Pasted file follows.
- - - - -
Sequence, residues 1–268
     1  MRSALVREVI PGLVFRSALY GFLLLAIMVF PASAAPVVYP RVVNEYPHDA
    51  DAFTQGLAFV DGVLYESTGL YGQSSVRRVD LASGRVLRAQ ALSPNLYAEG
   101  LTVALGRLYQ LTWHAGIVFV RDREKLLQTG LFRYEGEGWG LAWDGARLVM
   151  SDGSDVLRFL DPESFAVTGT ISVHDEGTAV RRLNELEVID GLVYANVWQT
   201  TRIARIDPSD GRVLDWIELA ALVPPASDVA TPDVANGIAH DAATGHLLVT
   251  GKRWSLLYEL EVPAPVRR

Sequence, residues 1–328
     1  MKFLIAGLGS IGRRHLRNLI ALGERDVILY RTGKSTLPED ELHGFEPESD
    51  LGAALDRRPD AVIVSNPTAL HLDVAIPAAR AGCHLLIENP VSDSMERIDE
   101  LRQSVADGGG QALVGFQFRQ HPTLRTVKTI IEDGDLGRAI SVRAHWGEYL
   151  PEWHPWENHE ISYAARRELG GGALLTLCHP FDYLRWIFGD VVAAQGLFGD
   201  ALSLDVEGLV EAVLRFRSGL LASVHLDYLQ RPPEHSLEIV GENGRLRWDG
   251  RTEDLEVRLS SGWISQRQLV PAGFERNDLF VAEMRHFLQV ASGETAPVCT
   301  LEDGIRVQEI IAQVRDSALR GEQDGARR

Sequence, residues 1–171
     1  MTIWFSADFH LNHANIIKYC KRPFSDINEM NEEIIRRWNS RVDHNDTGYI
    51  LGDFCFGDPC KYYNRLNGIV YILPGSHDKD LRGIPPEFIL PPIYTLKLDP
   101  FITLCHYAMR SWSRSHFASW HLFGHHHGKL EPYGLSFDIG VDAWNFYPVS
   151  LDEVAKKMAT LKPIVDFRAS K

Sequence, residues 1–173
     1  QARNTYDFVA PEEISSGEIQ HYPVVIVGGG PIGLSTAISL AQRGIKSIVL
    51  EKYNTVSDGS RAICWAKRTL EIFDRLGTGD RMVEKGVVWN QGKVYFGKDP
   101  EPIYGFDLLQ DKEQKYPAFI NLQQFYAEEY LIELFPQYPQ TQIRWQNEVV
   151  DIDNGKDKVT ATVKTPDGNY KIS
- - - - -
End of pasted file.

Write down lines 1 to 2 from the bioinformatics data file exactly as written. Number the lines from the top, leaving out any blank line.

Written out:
Sequence, residues 1–268
     1  MRSALVREVI PGLVFRSALY GFLLLAIMVF PASAAPVVYP RVVNEYPHDA